Study also found some improved health outcomes with free distribution of essential medicines
Credit: St. Michael’s Hospital
TORONTO – A new study out of St. Michael’s Hospital’s MAP Centre for Urban Health Solutions found that distributing essential medicines at no charge to patients resulted in a 44 per cent increase in people taking their medications.
The study, published today in JAMA Internal Medicine, also found that participants experienced a reduction in systolic blood pressure and that free distribution of essential medicines led to a 160 per cent increase in the likelihood of participants being able to make ends meet.
The list of 128 essential medicines made available in the study was adapted from the WHO Model List of Essential Medicines and based on Canadian clinical practice guidelines, suggestions from clinicians and patients, prescribing volumes and evidence syntheses. The medicines in the study included treatments for acute conditions, such as antibiotics and pain relievers, as well as chronic conditions, such as antipsychotics and HIV-AIDS medications.
“It is sad that in a high-income country like Canada, millions of Canadians cannot afford their prescribed medications – including life-saving medicines such as insulin,” said Dr. Nav Persaud, a clinician-scientist at the Li Ka Shing Knowledge Institute of St. Michael’s and lead author of the study.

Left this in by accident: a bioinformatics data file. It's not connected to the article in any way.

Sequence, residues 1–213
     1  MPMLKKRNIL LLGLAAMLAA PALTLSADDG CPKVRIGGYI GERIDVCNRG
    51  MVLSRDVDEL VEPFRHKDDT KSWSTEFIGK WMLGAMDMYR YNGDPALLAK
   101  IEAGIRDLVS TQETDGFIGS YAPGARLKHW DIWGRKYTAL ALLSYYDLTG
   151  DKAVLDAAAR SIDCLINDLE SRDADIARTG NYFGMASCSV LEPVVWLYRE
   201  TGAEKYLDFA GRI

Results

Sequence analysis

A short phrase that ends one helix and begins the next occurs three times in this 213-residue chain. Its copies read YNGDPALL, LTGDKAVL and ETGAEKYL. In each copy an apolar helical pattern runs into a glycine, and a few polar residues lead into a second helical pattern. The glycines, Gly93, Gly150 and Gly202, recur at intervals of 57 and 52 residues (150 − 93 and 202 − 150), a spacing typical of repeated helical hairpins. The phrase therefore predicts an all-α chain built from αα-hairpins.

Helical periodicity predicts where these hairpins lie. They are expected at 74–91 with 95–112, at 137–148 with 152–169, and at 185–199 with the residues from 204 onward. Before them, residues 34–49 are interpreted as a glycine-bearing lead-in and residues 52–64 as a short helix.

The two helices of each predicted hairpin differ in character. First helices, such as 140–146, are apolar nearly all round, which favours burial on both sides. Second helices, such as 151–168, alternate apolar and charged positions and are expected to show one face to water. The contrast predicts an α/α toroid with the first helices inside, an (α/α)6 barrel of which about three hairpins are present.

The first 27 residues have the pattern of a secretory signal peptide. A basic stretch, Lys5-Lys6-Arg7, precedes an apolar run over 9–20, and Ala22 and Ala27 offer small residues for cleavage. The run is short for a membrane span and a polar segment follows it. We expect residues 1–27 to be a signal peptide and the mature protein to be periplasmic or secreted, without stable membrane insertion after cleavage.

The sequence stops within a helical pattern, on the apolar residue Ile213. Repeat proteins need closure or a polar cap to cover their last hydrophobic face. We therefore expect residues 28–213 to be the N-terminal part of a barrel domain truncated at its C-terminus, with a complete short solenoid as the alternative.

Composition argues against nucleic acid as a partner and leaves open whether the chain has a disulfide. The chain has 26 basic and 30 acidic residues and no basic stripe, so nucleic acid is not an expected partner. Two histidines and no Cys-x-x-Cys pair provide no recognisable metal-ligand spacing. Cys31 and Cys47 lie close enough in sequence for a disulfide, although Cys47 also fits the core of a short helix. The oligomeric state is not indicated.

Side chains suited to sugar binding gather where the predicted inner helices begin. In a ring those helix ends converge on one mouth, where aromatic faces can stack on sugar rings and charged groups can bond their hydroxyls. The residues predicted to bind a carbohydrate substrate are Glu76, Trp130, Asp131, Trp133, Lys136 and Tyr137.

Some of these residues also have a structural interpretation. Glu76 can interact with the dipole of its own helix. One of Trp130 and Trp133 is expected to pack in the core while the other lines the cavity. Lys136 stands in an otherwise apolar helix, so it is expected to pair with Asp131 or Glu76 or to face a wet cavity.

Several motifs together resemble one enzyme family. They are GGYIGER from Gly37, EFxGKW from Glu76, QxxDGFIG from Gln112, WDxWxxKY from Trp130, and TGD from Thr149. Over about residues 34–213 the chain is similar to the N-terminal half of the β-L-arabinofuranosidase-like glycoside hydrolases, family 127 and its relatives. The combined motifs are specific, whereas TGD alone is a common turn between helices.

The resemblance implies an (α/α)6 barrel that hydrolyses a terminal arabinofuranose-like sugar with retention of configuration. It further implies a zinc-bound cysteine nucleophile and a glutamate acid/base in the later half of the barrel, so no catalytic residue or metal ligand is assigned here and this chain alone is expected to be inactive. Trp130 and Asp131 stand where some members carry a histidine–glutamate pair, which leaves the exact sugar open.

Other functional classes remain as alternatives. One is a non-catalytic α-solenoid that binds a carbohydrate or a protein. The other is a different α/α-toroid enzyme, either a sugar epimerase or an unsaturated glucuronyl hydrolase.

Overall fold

“We hope that our findings help inform public policy changes. This is no longer a question of whether free distribution of medicines can improve health outcomes. It is a question of whether governments will act.”
A total of 786 patients across nine primary care sites in Ontario who reported cost-related non-adherence to medications participated in the study. They were assessed at 12 months into the three-year study. Participants in the intervention arm of the study were randomly allocated to receive free distributions of essential medicines, while others in the control arm of the study had only their usual access to medication.
Dr. Persaud said Canada is considered a suitable setting to measure the effects of free medicine distribution because health care services such as physician visits and hospitalizations are publicly funded while there are cost barriers to medications.